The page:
- Phoenix Gallery
- South East England
“First we shape our buildings, then they shape us” said Winston Churchill. An inclination, six or so decades later, is to add “or do they?” Floor Plan, the current exhibition at Phoenix Gallery in Brighton, appears to ask this very question. Alternatively the show is a collection of curious, pretty or intentionally not-so-pretty artefacts (depending on your taste) which sounds less feasible.
Naturally, and typically, the term architecture is used in a much wider sense than with reference to the design of actual buildings. Part of Floor Plan, an installation by Rowena Easton and Mark C. Hewitt, is made up of texts describing dream sequences or fragmented narratives. A significant section of the gallery is separated out and broken up using objects, boards and A4 stacks to present the writing. The two’s intervention here alludes to the crossover, this broader meaning, with the inclusion of language or less tangible structures. Mostly though Floor Plan is dealing with architecture in terms of a plainer understanding. It was not too surprising that an artist’s talk and discussion (on 23rd October), while revealing the themes and thinking behind pieces which make up the show, also frequently touched upon the subject of social housing and the plusses and minuses of various similar hopeful initiatives.
Rosalind Davis could hardly have avoided political references given that her paintings, multimedia works, were generated in response to organisations and structures commemorating Stephen Lawrence (the black teenager murdered in South East London in 1993 at a time of increased BNP activity). The subject matter includes a centre constructed in Deptford and other buildings in the area. On the other hand Davis’s twelve pictures, of varying dimensions and similar aspect ratios can be considered formally. There are certain analogies with Jane Ward’s big prints on canvas, hung nearby. Both artists dilute the solidity of the constructed landscapes they represent. In the case of Davis embroidery and cotton poplin are incorporated. Fifty percent of the canvas area in Jane Ward’s three prints is rendered as muddy secondary colour or a chromatic grey which contrasts with the flickering fine detail in the remainder. Each plays the game of demonstrating apparent craft skills and simultaneously counteracts this need to impress. Definitely both sets of images provide relief from the ubiquitous use by painters in recent years of pleasing Luc Tuymans style pallet. As it happens Rosalind Davis’s works are ‘relief paintings’ too though I doubt that pun was intended.
Louise Bristow, in a series of paintings created from 2004 to 2006, undermines comfortable understandings of scale and time. Nostalgia is a factor: comparisons with more idealistic periods in history are inferred. The differences are illustrated in a number of ways, for example different types of graffiti adorn structures in the images: meaningful, “Destroy DSEI” and “Stop the Arms Trade” versus the tagging style. Also in the pictures modernist forms and buildings are placed in the proximity of cheapo or dilapidated versions. So perfectionism is cited as problematic, though clearly that’s just one reading: there’s a polysemic quality in Bristow’s work.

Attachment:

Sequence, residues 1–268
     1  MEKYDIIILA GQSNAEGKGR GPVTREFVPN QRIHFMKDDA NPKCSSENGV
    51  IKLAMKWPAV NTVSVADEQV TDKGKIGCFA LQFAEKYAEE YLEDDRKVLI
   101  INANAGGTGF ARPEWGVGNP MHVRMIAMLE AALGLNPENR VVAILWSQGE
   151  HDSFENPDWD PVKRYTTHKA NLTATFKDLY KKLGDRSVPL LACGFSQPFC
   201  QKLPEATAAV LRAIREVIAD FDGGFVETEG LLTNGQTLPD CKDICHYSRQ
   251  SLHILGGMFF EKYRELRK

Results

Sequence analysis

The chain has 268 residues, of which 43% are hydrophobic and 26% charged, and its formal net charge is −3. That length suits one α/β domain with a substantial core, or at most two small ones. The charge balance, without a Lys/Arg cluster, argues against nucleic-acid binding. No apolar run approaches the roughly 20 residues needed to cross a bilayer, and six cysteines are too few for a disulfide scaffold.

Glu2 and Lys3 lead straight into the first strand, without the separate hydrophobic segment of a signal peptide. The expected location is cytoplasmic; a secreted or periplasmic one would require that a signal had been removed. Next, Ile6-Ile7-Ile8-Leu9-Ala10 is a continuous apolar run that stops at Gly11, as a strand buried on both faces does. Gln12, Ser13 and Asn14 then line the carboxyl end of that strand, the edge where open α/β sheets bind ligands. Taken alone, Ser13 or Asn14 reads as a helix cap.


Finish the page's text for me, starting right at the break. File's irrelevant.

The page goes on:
At the artist’s talk Richard White told the intriguing herstory of how the particular building housing this exhibition (and Phoenix Arts studios) came into being. At the time, the construction project had to negotiate around the home of a Harriet Sylvester, aged 89, who refused to be bought out. White has worked into the edge of one room here, creating a human sized mouse hole. On entering we are faced with a narrow passage leading to a space which we can imagine Harriet Sylvester still occupies. I am reminded of the curious seventh-and-a-half floor in the otherwise pedestrian movie Being John Malkovich. I am reminded of Flan O’Brien’s The Third Policeman when the nameless narrator realises that he is in fact inside the walls of a particular building. The scale of the knocked out mouse-hole mentioned above matches with the door into Easton and Hewitt’s installation (or vica-versa) in that (adult) visitors are required to stoop or manoeuvre a degree to go through. One result of expending this effort presumably is that we appreciate more what we get at the other side.
At the entrance to the gallery hang Peter Bobby’s photographs. These are set up very much as portals (to other galleries in fact). The spectator is interpellated. Implicitly there must exist an optimal point from which to view these images. Vanishing points are at average eye height. There are no visual representations of people or figures (well: except in one, see if you can spot it) and this by the way is a feature in most of the other work in the exhibition. Stained mahogany frames house each picture enhancing the idea that this is a cultural gateway of some sort. In essence the concept revolves around an attempt to display galleries back in on themselves, a sort of feedback loop. To employ the phrase of Marshall McLuhan, who expanded on the idea of architecture in the 1960s: ‘the medium is the message’.
Absolutely Floor Plan amounts to more than the sum of its parts (which I’ve, in effect, listed above). In no order of importance, and mixing possibly trivial factors with weightier ones, the exhibition really gets to grips with the nature of Phoenix itself, its location, the fact that the gallery is glass fronted, its peculiar history and position in terms of the cultural life of Brighton, its wider reach and not to mention the always conspicuous floor made up of substantial square tiles (which shift a little when walked upon). In addition wider historical and contemporary concerns with both architecture and architecture are prodded at.